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The constitutionality of the ACA is not a close call

John Kroger is the Attorney General of Oregon. John has devoted his entire life to public service as a United States Marine, federal prosecutor, public policy expert, and teacher.  He received his bachelor’s and master’s degrees in philosophy from Yale University and his law degree with honors from Harvard Law School. Prior to his election, he served as a law professor at Lewis & Clark Law School in Portland.  To view the SCOTUSblog healthcare symposium in its entirety, click here.


To the casual reader, the debate over President Obama’s Affordable Care Act suggests that the constitutionality of the law is a close call. I do not think that is the case. As I testified before the U.S. Senate in February, I believe the law is clearly constitutional. The reason for my confidence is simple. Under our Constitution, laws are presumed constitutional. The burden – and it is a significant one – is on the opponents to prove that the law is constitutionally flawed. The four major arguments they have raised so far have come nowhere close to meeting that burden.

The first argument raised by opponents of the Act is that the Commerce Clause, by its own terms, only regulates commerce. Declining to get health insurance, they argue, is not commerce but rather refusing to engage in commerce. Therefore, they conclude, it falls outside the power of Congress to regulate. This argument is exceptionally weak. It was explicitly rejected in Gonzalez v. Raich, a 2005 case in which the Supreme Court held: “Congress can regulate purely intrastate activity that is not in itself commercial.” That holding was stated not just in the majority opinion, which Justice Kennedy joined, but also in Justice Scalia’s concurrence.

This argument by the Act’s opponents is not just wrong, but dangerous. The Gonzalez opinion provides the constitutional foundation for federal criminalization of the home production and use of child pornography as well as dangerous drugs like methamphetamine. As a former federal prosecutor, I think overturning Gonzalez would be a disaster.

Opponents’ second argument is based on the so-called activity/inactivity distinction.  In Perez v. United States (1971) and subsequent cases, the Supreme Court spoke of the Commerce Clause regulating commercial activities.  Opponents of the Act use this language to raise a truly novel argument – that the Constitution prohibits the regulation of inactivity. Opponents of the legislation claim that declining to buy insurance is not an activity but inactivity, and thus outside Congressional power to regulate. There are three serious flaws with this argument.

First, the inactivity/activity distinction has absolutely no basis in the text of the Constitution. Second, the Court recognized in both Wickard v. Filburn (1942) and Carter v. Carter Coal (1936) that Congress can regulate not only activities but “conditions.” By any reasonable definition, having more than forty million citizens without health insurance is a “condition” that Congress can regulate. Finally, people lack insurance because businesses choose not to offer it to their employees, insurance companies decline to extend it for pre-existing conditions, and people refuse to select it and pay for it – some out of choice, some because they cannot afford it. All of these are actions with real-world and often very tragic consequences. The constitutional fate of a great nation cannot be decided by semantics and word games that label real-world actions as inactivity.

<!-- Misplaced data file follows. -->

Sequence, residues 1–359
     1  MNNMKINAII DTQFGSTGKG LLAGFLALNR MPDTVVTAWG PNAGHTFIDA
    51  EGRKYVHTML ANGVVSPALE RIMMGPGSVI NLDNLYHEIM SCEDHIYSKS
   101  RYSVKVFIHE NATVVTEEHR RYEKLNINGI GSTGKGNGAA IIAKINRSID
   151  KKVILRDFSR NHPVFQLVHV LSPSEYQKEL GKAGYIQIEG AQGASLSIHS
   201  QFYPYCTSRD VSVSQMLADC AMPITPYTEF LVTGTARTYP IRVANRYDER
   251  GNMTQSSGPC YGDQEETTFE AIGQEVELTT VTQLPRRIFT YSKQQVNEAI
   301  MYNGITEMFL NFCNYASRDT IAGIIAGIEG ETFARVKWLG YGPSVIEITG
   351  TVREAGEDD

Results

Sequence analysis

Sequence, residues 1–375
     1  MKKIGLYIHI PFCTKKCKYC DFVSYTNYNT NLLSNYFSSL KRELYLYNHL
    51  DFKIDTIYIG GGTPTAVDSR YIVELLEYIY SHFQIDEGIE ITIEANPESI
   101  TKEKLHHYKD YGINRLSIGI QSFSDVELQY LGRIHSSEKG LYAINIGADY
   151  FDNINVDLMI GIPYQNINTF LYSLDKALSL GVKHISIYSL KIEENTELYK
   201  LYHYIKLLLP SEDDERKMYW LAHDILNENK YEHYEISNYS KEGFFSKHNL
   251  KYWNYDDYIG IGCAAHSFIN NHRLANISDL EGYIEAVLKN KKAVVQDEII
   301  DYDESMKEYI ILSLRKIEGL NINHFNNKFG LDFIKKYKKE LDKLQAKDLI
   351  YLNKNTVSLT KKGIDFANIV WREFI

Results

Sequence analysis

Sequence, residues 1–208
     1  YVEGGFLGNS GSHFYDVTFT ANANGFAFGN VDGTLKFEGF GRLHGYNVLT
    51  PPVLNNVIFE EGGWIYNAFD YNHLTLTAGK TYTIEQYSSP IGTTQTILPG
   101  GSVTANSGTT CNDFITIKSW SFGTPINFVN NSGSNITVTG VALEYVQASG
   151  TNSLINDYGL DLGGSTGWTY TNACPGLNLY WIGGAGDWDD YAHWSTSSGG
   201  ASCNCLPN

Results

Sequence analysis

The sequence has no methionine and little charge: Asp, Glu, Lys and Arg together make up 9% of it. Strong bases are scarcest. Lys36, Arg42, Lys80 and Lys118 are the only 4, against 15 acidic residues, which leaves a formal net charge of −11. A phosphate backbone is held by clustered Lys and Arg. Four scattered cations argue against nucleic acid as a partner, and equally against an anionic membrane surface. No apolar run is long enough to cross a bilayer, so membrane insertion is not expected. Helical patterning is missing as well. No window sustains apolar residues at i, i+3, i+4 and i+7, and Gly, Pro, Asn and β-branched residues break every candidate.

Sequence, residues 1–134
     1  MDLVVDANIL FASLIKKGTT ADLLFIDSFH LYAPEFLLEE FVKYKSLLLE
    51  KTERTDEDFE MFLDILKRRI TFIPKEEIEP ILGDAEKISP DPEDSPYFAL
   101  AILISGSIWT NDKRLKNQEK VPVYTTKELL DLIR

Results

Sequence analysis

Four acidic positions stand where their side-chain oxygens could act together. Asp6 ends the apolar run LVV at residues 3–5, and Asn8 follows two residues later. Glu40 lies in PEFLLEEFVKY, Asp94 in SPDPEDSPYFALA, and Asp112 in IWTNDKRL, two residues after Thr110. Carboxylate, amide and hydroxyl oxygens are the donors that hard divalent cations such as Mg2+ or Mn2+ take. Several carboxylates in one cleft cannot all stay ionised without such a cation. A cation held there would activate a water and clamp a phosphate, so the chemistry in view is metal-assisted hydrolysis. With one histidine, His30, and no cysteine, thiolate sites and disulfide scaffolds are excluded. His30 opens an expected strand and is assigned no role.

The opponents’ third argument, which some lower courts have adopted, is that the Supreme Court has never interpreted the Constitution to allow Congress to force individuals to buy a product. This argument conflicts with the founders’ intent and it has been explicitly rejected by the Court. Shortly after the Bill of Rights was ratified, the Second Congress adopted the Militia Act of 1792. This law required every free able-bodied white male citizen to provide himself at his own expense a good musket or flintcock, a bayonet and belt, a knapsack, a pouch, and a box of sufficient size to carry not less than 24 cartridges. Even the most resourceful pioneer would have needed to purchase a product or two to comply with this law.

Nearly 150 years later, a farmer argued in Wickard v. Filburn that the Agricultural Adjustment Act would unconstitutionally force “some farmers into the market to buy what they could provide for themselves.” This claim is identical to the one that opponents have raised in the Affordable Care Act litigation: people should not be and cannot be forced to buy a health insurance product. Writing for a unanimous Court, Justice Jackson rejected the claim, stating that these kinds of questions “are wisely left under our system to resolution by the Congress.”

Finally, critics of the Affordable Care Act claim that the personal responsibility mandate impermissibly interferes with constitutionally protected liberty. This argument ignores the Constitution and reality. Right now, we have forty million Americans who do not have health care coverage. Those forty million people have the legal right to go to a hospital emergency room, and hospitals are legally required to provide that care. As a result, hospitals rack up over forty billion dollars of unpaid health care costs every year that the rest of us pay in higher taxes and insurance premiums. The Affordable Care Act’s personal responsibility mandate ends this massive cost-shifting. The idea that the Constitution bars this solution is bizarre, because the Constitution does not create or protect the freedom to freeload. Simply put, there is no constitutional right to force other people to pay for your health care when you decline to take responsibility for yourself.

Recommended Citation: John Kroger, The constitutionality of the ACA is not a close call, SCOTUSblog (Aug. 3, 2011, 5:30 PM),